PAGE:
India Design Motifs, Part 19


Lord Caitanya's Sankirtan

Apr 15, 2011 — CANADA (SUN) — A study of the historical, spiritual and cultural elements of Vedic design.

Today we'll make a brief comparative study of the two Calcutta lithographs depicting Lord Caitanya Mahaprabhu's Sankirtana party. There are a number of interesting similarities and differences in design motif employed by the two artists.

The Calcutta Art Studio (CAS) was founded in 1878 by Ananda Prasad Bagchi and several other artists, while the Chore Bagan press was founded by a group of artists in 1890. Some sources list the Calcutta Art Studio's Sankirtan print at circa 1880 while others, including the British Museum, give the same date for both prints, circa 1895. Although we cannot be sure which print came first, the former clearly influenced the subsequent version.

While there is a high degree of duplication in the composition of these Sankirtan scenes, there are also some unique elements in each one. In some ways, the Chore Bagan print has a more traditional appeal, and the CAS a more modern mood. This is primarily due to the coloration, with the CAS litho employing a bright purplish shade for Mahaprabhu's clothing, the flags and instruments. These elements are a more common reddish shade in the Chore Bagan print.

The CAS print uses a similar reddish color as their main secondary shade, while Chore Bagan balanced with gold tones. Nityananda Prabhu is dressed in His traditional blue garb, but the artists have Lord Caitanya in less traditional red or purple colors, rather than the golden cloth one might expect, as we saw in a previous segment on the Pancha Tattva lithos. Of course, we see Mahaprabhu is not yet shaven here, so the artists may simply have been avoiding shades reminiscent of sannyasa cloth.

Lord Caitanya's Sankirtana Party
Calcutta Art Studio

Lord Caitanya's Sankirtana Party
Chore Bagan Art Studio

One interesting point of comparison is the fact that both artists used an unusual mottled red and greenish-gold on one of the devotee's dhoti. This is significant from a design viewpoint because the mottled colors are not a traditional motif, thus making an all the more obvious point of reproduction by the latter artist.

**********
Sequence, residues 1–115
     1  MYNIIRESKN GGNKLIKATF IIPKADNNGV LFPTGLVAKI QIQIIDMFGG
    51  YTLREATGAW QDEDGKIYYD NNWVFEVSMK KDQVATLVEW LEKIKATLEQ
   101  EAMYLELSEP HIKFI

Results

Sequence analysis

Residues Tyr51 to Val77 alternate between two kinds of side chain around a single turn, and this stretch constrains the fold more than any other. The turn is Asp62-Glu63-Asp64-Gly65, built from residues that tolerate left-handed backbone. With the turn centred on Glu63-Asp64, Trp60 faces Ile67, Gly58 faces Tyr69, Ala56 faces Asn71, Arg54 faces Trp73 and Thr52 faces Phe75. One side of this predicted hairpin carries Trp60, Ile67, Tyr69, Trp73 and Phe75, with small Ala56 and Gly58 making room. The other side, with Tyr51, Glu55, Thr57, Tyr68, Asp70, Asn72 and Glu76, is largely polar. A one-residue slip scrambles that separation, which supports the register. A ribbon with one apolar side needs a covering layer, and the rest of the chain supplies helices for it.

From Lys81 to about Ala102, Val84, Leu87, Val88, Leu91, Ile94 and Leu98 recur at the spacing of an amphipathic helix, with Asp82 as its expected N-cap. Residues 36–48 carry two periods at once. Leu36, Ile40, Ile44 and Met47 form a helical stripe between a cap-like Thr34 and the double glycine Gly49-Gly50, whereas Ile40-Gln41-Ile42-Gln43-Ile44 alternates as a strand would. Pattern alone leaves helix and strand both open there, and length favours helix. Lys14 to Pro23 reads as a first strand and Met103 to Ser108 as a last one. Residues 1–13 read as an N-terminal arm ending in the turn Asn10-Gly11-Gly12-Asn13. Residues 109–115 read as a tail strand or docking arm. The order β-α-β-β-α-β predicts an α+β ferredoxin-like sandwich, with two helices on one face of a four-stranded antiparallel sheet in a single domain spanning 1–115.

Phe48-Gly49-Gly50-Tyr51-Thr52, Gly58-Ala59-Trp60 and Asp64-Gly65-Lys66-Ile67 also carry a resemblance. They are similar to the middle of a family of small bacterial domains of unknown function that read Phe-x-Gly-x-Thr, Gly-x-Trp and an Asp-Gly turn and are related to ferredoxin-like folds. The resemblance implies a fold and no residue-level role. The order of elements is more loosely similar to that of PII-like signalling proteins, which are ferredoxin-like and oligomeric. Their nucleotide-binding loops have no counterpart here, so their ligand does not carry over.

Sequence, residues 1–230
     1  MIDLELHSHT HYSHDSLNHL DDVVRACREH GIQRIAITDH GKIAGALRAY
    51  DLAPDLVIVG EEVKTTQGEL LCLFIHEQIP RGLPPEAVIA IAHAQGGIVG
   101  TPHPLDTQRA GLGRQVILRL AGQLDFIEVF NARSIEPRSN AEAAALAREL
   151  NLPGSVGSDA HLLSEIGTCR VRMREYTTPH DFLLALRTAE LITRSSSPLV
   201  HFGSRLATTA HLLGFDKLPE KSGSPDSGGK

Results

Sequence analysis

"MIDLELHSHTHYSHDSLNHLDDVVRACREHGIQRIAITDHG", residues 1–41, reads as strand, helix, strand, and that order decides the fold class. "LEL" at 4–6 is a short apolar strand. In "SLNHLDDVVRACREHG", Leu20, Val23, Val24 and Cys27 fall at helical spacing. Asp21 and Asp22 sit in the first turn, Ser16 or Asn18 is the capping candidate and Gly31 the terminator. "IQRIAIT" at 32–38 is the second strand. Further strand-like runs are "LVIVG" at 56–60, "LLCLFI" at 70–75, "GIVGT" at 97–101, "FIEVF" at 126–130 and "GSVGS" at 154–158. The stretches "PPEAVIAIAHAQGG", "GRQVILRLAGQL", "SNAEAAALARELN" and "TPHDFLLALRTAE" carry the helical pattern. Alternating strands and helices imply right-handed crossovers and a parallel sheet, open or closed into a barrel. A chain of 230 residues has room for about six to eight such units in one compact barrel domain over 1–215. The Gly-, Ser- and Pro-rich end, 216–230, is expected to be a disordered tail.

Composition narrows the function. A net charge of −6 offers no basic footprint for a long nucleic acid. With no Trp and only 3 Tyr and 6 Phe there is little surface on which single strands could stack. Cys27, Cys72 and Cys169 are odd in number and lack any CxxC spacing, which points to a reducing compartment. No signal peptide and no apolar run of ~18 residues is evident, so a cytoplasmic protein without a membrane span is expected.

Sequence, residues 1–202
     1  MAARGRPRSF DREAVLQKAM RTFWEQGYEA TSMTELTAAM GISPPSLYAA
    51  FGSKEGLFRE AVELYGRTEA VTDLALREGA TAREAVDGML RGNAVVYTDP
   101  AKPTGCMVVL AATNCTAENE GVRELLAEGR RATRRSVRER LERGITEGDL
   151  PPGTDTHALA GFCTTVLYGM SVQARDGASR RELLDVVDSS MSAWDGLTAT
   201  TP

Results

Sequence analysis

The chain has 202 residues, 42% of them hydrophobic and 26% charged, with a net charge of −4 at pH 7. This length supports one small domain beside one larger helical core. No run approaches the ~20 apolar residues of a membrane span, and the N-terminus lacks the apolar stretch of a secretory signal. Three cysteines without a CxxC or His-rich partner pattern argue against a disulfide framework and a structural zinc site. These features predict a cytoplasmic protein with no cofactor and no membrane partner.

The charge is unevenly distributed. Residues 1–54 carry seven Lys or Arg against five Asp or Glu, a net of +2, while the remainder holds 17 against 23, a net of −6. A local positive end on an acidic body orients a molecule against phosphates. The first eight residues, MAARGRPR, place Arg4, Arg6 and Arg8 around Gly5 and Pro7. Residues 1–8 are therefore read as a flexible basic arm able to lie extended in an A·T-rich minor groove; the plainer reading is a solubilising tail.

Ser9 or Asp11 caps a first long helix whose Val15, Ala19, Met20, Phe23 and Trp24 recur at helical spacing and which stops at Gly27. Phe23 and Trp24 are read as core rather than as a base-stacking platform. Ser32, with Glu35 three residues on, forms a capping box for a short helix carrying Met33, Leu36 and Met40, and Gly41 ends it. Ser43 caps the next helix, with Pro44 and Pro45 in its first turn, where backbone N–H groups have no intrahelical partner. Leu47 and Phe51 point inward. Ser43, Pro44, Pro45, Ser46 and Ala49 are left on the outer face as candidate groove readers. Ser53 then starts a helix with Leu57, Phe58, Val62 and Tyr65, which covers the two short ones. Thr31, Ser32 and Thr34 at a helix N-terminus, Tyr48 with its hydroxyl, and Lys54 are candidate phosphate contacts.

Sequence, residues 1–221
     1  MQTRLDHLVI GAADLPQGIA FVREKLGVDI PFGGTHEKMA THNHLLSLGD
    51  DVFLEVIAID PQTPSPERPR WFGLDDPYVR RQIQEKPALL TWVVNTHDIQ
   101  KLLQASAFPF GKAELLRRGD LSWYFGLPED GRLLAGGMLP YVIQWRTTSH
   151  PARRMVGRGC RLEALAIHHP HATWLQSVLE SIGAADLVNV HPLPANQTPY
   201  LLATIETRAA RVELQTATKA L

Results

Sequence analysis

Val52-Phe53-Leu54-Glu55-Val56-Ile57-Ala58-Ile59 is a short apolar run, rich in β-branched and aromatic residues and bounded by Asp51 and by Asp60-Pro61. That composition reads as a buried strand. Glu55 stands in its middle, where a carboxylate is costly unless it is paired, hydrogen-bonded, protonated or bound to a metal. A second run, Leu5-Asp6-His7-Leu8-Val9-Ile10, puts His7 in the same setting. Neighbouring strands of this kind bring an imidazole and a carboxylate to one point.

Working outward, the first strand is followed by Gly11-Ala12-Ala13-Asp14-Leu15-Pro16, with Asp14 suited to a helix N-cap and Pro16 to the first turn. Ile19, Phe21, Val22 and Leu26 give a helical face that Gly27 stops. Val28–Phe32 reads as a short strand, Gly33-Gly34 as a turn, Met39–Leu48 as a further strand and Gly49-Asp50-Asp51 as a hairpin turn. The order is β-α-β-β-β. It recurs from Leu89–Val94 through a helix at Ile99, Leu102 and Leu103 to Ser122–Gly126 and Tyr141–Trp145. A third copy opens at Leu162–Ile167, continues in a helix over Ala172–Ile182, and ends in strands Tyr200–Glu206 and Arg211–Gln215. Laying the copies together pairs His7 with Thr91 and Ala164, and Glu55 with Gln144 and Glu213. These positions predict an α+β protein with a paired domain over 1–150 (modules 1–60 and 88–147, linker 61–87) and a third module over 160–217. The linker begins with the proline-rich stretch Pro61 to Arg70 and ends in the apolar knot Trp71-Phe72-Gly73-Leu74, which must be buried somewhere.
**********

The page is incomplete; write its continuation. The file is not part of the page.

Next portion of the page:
There are interesting architectural backgrounds in the two prints, combining thatched huts with more permanent stone buildings, and the CAS print includes two temple domes in addition. In both cases, we get a sense of the Sankirtan party moving through towns and villages.

Considering the placement of figures, we see that Gaura and Nitai are in reversed order in the two prints. Advaita Prabhu is prominently in front in the CAS print, but he's presented in an equally nice fashion in the Chore Bagan, framed between the upraised arms of Gauranga and Nityananda.

Studying all the faces, there is a decidedly more Western flavor in the features of devotees in the CAS lithograph, while the Chore Bagan artist use more contrast in skin tone to suggest different castes or ethnicities. In the CAS print, quite a few more devotees are seen wearing tilak.

While no women are pictured in the Chore Bagan Sankirtan party, we see that the Calcutta Art Studio print has included two. They are subtly placed along the left side, one with head covered in blue sari, the other kneeling in the forefront.

A major difference in composition is the two devotees fallen to the ground in a faint from the ecstasies of chanting the Holy Names, in the CAS lithograph.

We are fortunate that these remarkably beautiful examples of Vaisnava art are still available to be enjoyed nearly 120 years after they were printed. The devotees can still get absorbed in the mood of Caitanya Mahaprabhu's glorious Sankirtan movement, as seen through the eyes of the artists of Calcutta.


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